Image courteously of CWR. 

Image courteously of CWR. 

The art of being yourself

Kelvin forwarded me an email, it was from the BBC inviting us to perform a 25min set on the BBC introducing stage at The Cheltenham Jazz Festival on the 27th of this month.  Although we have been aware that some of our tracks have been played on BBC introducing locally, this email came out of the blue.  Reading on, 'you have been especially selected by our Radio 2 presenters Jo Whiley and Jamie Cullum, after your local BBC Introducing show put you forward for this opportunity' - wow.  Not only that but the show is hosted by Jo Whiley and 'the performance will be recorded for later broadcast on Radio 2 as well as the local BBC Introducing show network'.  

Several things started to go through my mind mainly - they must have us confused with someone else and sent us this by mistake. Do they know we play our own stuff which is sometimes vastly removed from what I'd call Jazz, what is jazz anyway? I suppose we can play jazz. People have definitely called us jazz in the past.  We just write songs and don't ever try to fit into a genre so we don't really know what genre we are.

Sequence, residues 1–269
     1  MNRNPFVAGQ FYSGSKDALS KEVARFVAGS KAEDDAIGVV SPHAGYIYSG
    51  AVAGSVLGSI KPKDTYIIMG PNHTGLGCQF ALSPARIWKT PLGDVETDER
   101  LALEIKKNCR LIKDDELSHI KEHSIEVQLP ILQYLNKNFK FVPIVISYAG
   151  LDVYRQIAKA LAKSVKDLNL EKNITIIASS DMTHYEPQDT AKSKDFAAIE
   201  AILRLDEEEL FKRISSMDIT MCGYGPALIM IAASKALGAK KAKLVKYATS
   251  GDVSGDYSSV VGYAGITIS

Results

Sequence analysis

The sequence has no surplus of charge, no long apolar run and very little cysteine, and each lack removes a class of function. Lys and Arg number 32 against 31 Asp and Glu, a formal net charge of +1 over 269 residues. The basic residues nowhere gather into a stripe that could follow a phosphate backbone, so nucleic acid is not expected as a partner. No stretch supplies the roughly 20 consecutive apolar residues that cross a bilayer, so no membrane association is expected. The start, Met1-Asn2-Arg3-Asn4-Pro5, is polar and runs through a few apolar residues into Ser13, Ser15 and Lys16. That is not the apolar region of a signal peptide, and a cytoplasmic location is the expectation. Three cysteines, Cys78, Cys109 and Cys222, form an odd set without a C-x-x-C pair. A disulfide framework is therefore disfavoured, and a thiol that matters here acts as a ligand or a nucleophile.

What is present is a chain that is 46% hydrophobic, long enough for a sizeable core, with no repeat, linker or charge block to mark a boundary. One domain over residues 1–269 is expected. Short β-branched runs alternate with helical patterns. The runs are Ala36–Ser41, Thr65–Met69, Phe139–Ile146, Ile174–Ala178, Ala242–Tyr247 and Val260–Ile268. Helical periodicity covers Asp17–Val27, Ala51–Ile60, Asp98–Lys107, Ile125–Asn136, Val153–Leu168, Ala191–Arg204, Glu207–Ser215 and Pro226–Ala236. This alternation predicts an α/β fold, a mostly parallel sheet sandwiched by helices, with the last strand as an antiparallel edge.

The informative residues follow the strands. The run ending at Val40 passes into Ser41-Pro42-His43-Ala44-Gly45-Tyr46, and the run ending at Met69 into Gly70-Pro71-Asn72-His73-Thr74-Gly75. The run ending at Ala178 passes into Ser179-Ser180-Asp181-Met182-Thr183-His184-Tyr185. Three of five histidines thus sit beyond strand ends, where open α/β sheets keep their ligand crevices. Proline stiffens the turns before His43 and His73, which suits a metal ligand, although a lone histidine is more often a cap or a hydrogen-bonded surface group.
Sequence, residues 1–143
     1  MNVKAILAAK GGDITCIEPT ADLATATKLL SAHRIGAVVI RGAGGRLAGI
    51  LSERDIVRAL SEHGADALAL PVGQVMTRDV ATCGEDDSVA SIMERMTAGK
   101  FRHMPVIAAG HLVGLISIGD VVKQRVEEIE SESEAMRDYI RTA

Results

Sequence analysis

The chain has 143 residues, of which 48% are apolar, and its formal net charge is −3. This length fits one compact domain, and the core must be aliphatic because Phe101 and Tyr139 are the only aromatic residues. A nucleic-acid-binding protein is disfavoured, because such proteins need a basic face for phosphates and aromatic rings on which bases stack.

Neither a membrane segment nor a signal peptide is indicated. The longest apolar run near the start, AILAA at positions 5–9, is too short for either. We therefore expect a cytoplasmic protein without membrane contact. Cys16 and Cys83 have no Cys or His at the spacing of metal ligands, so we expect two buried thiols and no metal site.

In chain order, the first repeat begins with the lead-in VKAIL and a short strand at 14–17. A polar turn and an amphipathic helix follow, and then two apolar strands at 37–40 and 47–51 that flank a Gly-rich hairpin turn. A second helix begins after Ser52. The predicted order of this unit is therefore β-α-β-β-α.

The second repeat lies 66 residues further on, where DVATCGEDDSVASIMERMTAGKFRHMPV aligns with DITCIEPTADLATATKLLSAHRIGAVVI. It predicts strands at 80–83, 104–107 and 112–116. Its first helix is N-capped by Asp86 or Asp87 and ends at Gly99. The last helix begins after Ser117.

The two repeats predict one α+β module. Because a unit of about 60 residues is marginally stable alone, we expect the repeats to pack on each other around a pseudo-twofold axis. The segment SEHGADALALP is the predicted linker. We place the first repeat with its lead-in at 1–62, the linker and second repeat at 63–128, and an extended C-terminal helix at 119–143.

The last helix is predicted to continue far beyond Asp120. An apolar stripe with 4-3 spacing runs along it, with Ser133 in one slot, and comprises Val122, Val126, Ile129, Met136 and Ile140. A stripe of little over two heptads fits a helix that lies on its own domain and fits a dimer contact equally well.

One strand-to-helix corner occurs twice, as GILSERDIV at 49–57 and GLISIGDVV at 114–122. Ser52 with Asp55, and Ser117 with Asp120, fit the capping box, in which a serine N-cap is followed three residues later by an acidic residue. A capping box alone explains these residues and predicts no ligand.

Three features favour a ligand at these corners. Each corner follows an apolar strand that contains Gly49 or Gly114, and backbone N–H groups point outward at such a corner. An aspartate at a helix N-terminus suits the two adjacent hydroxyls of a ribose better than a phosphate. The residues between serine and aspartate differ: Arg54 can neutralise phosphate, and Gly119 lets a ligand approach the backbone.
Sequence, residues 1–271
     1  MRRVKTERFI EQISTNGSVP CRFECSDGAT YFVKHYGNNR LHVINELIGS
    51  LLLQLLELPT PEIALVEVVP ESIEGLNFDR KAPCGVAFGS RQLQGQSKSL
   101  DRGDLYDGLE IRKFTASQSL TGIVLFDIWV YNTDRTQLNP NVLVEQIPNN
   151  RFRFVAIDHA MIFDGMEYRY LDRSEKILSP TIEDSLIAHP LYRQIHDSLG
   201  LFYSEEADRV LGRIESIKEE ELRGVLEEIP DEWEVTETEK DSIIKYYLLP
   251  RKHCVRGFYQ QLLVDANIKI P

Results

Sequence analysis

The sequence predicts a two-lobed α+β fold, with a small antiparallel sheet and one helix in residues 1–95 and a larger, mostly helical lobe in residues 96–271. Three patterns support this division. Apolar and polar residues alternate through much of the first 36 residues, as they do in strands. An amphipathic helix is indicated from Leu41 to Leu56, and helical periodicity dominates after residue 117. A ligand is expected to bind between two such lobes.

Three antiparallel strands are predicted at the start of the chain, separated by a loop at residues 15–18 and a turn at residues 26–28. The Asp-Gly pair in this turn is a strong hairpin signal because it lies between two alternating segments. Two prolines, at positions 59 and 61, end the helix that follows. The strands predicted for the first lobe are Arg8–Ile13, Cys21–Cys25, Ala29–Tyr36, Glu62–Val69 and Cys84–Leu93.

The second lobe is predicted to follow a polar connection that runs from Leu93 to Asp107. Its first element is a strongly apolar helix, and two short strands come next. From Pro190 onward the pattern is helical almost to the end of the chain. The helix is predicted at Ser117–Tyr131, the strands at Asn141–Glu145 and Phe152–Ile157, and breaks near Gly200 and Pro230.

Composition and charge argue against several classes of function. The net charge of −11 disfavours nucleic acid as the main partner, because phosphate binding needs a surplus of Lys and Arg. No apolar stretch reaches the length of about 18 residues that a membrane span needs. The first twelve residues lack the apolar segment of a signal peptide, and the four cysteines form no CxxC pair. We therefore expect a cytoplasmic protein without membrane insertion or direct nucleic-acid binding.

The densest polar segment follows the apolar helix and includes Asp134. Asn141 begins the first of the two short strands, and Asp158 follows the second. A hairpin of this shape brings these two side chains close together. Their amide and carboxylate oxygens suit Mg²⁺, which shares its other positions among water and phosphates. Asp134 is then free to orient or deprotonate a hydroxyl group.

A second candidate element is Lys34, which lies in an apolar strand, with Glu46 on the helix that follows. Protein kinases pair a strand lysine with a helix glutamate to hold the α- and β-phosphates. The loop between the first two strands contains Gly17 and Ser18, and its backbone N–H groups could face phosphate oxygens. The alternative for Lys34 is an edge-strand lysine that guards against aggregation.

Then a week later, a surreal moment, Jo Whiley announced the line up live on her show and played a clip from our song 'secret door'.  Panic set in again - Secret Door is a track that we have never played live, we only wrote it as an album filler so I hope they aren't expecting a full set like that.  We don't even sound like that anymore, that was four years ago and our style and line up has changed drastically since then, arrggghhhh! Oh and Adam is away on tour in Norwich that week. What do we do? Right first things first - breathe, then accept the gig before they change their minds. Next contact Adam - he is able to dep out his RSC gig so that's a big relief.